Why Organ Meats Are Good to Eat

In a previous article on How to Source Beef, I briefly mentioned liver, one of my favorite superfoods, and said that organ meats should never be thrown away! Why so, you might ask? Organ meats in general do not seem that appealing. The short answer is that “organ meats are the most nutrient-dense foods by far,” states Chris Kresser in Your Personal Paleo Code. Not only are organ meats full of nutrients, but these nutrients can also be easily absorbed by the body. Dr. Anthony Gustin and Chris Irvin add, in Keto Answers, that “this makes organ meat like a natural meat version of a multivitamin.”

Organ Meats that You Can Buy

Organ meats can be from animals like cows, pigs, lambs, bisons, goats, chickens, and ducks, as long as they are well-sourced. Here’s a short list of organs you can eat:

  • Liver
  • Tongue
  • Heart
  • Kidneys
  • Brain
  • Sweetbreads
  • Tripe

You can find these at some local farms (to find local farms, you can visit EatWild.com) or online sites like US Wellness Meats. There are recipes everywhere online on how to prepare these. For instance, this page on Mark’s Daily Apple.

You can also consume organ meats in capsule form. Every day, I take liver and bone marrow capsules sold by Ancestral Supplements. To take capsules is fairly convenient, and if you don’t like the taste of certain organ meats, or don’t have the time to prepare them, you still can get most of the nutrients they contain (vitamins, minerals, healthy fat, and essential amino acids).

In Summary

Including organ meats into our diet provides such an array of beneficial nutrients! Even just once a week can be sufficient, especially when it comes to a superfood like liver. (And consuming liver is okay, as most of the toxins are stored in the fat of the animal, and not the liver). Most ancestral diets included organ meats, alongside bones, cartilage and skin, fats, seafood, and wild plants.  For example, in the traditional Okinawan diet where food is considered medicine, a pig is eaten entirely, internal organs included. Going back to these ancient ways of feeding ourselves as much as possible makes perfect sense if we want to harness the health and wellness benefits of consuming truly nutrient-dense foods.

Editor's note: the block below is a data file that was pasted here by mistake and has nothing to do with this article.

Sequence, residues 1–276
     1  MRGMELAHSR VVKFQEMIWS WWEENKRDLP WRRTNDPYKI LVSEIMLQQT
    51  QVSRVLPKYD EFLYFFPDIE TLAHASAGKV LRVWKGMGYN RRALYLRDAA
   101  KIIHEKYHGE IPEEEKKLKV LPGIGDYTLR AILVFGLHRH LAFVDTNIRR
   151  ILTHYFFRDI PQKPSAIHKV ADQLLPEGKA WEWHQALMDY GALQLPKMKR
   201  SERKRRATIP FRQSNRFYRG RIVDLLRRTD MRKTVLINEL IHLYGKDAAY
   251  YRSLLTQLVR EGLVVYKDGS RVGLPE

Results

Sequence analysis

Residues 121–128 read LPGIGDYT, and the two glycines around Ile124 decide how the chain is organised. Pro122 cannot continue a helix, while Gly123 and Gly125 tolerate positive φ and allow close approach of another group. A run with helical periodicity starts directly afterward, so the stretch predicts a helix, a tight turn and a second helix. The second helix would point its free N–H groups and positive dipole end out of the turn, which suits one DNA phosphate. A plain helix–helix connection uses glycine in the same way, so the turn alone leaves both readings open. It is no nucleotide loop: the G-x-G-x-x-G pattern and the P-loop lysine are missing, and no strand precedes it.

Gustin, Anthony, and Chris Irvin. Keto Answers : Simplifying Everything You Need to Know about the World’s Most Confusing Diet. Middletown, De, Four Pillar Health, 2019, pp. 150-151, 302-303.

Kresser, Chris. Your Personal Paleo Code: The 3-Step Plan to Lose Weight, Reverse Disease, and Stay Fit and Healthy for Life. 1st ed., New York, NY, Little, Brown and Company, Dec. 2013, pp. 43-44, 70-72, 151-152, 155-156.

Wikipedia Contributors. “Okinawa Diet.” Wikipedia, Wikimedia Foundation, 29 Jan. 2019, en.wikipedia.org/wiki/Okinawa_diet. Accessed 3 Apr. 2020.

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Vegetables are at the base of the Primal Blueprint food pyramid and meat comes in second, along with fish, fowl, and eggs. As a complete protein, meat from animals that are raised similarly to how they live in the wild is going to be healthy meat to consume and give us an array of nutrients that animals from Concentrated Animal Feeding Operations (CAFO) are deficient in. Just like humans, if animals are not given a diet that works along with their ancestral roots, they are going to be sick and filled with systemic inflammation.

Cows are ruminants that should be eating things like grass, clovers, and shrubs. Cows in most CAFOs (the beef found in supermarkets) are fed grains, corn, soy-based products, garbage, plastic, stale junk food, candy, and bits of dead CAFO sick animals. As you know, you are what you eat, but also, “You are what what you eat eats too,” as Michael Pollan puts it in In Defense of Food: An Eater’s Manifesto. CAFO cows are also given antibiotics (so that they don’t die before slaughter due to their horrendous living environment) and growth hormones (to increase their weight).

So what are the other options?

With the understanding that it is always better to buy local, pastured and 100 percent grass-fed (also called grass-fed and grass-finished, as opposed to grass-fed and grain-finished) is the way to go. Next would be making sure it is USDA-certified organic. The extra cost is worth bypassing CAFO meat, and if you have to eat the latter avoid consuming any fat on it as this is where some of the meat toxins are stored, not in the liver.